Astronomers Have Discovered A Massive Black Hole 55,000 Times Larger Than The Sun

Astronomers Discovered A Black Hole 55000 Times Larger Than The Sun

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A newly study published on Monday by astronomers from the University of Melbourne and Monash University reveals the finding of what is known as a “Goldilocks” black hole that is 55,000 times bigger than the sun.

Considering the fact that the sun is about 330,000 times the size of Earth and around 1.3 million Earths could fit inside the sun, this “Goldilocks” black hole is a big one.

The study, published in the journal Nature Astronomy, shares evidence that it is one of the oldest black holes in the universe.

This intermediate mass “Goldilocks” black hole (between 100 to 100,000 times the mass of the sun) is also just the second of its kind ever to be discovered. The first was discovered just last year.

Scientists hope to use this new discovery to both how it connects two different types of black holes – those made from collapsing stars and supermassive black holes at the center of most galaxies – as well as how black holes are created.

“While we know that these supermassive black holes lurk in the cores of most, if not all galaxies, we don’t understand how these behemoths are able to grow so large within the age of the Universe,” said lead author James Paynter of the University of Melbourne.

Study co-author Eric Thrane of Monash University added, “This newly discovered black hole could be an ancient relic — a primordial black hole — created in the early Universe before the first stars and galaxies formed.”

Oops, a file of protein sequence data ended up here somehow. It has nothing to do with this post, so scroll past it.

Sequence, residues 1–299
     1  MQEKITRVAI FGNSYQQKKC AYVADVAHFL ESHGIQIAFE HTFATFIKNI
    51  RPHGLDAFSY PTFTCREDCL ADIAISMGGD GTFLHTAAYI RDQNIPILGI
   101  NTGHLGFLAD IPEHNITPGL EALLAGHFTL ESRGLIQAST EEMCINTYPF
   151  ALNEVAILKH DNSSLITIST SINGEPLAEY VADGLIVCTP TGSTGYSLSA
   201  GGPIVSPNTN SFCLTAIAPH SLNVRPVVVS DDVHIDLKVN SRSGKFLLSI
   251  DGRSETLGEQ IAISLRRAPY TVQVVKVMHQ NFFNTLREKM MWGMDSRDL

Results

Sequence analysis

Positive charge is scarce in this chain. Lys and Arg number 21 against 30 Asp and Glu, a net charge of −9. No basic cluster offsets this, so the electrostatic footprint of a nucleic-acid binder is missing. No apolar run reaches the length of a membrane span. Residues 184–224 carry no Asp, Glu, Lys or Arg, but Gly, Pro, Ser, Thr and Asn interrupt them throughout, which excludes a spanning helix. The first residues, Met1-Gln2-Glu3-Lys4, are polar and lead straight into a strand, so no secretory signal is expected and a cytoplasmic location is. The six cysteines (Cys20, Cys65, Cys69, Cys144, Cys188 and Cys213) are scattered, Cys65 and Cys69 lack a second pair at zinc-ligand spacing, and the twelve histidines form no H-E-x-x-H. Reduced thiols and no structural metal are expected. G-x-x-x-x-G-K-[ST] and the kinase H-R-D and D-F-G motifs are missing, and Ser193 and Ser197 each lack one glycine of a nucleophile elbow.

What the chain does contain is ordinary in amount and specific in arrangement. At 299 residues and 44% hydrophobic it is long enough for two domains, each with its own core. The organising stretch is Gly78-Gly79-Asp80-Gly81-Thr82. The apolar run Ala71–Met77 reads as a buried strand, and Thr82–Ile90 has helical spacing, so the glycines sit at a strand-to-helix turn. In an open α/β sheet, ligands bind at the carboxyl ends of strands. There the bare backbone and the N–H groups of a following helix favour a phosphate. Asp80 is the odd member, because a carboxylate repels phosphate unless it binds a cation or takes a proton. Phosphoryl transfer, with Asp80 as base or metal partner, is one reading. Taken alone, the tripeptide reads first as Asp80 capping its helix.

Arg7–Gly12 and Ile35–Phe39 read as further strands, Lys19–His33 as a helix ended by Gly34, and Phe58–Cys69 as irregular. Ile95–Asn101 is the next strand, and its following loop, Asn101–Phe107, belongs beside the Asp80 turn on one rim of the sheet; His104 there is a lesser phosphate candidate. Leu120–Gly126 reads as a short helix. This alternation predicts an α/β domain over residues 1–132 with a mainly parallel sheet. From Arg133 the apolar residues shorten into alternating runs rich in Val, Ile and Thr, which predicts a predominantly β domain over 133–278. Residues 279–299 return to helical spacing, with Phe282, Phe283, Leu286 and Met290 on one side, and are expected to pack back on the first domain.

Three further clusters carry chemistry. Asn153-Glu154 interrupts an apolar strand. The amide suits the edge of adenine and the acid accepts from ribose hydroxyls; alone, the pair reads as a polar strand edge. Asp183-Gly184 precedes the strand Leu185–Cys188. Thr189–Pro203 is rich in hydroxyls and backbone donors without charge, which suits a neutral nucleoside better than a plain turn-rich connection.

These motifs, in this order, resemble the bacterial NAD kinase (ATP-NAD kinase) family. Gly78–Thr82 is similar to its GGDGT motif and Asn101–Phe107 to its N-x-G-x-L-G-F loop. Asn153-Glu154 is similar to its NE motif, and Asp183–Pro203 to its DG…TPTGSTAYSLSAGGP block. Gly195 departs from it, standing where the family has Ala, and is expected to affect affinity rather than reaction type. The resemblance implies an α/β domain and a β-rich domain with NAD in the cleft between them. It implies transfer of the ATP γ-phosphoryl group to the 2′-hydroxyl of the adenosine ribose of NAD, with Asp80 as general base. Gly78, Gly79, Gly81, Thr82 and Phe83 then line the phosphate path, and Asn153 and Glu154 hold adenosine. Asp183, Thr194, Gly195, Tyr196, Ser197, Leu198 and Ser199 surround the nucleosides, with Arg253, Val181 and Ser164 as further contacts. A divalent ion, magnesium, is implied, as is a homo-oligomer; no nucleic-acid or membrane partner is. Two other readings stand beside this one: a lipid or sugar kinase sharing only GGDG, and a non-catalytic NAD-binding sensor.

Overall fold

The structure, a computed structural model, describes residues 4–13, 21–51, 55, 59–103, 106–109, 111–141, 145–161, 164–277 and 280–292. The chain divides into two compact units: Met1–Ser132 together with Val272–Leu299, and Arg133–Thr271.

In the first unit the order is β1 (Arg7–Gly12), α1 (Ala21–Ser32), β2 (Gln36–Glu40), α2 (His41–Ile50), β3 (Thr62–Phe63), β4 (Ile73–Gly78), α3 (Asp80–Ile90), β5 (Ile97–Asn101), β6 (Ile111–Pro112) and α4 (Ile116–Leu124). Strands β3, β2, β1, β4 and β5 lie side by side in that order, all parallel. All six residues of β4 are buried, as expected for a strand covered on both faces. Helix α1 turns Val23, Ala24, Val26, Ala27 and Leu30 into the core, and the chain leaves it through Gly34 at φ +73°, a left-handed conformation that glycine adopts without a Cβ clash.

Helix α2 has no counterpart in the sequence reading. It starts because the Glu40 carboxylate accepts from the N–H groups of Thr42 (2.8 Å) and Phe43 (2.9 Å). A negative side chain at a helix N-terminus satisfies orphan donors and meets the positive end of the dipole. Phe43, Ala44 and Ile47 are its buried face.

The new black hole was found through the detection of a gravitationally lensed gamma-ray burst. The gamma-ray burst, a half-second flash of high-energy light emitted by a pair of merging stars, was observed to have a tell-tale ‘echo’. This echo is caused by the intervening intermediate-mass black hole, which bends the path of the light on its way to Earth, so that astronomers see the same flash twice.

Powerful software developed to detect black holes from gravitational waves was adapted to establish that the two flashes are images of the same object.

“These early black holes may be the seeds of the supermassive black holes that live in the hearts of galaxies today,” said study co-author and University of Melbourne professor Rachel Webster.

“Using this new black hole candidate, we can estimate the total number of these objects in the Universe. We predicted that this might be possible 30 years ago, and it is exciting to have discovered a strong example.”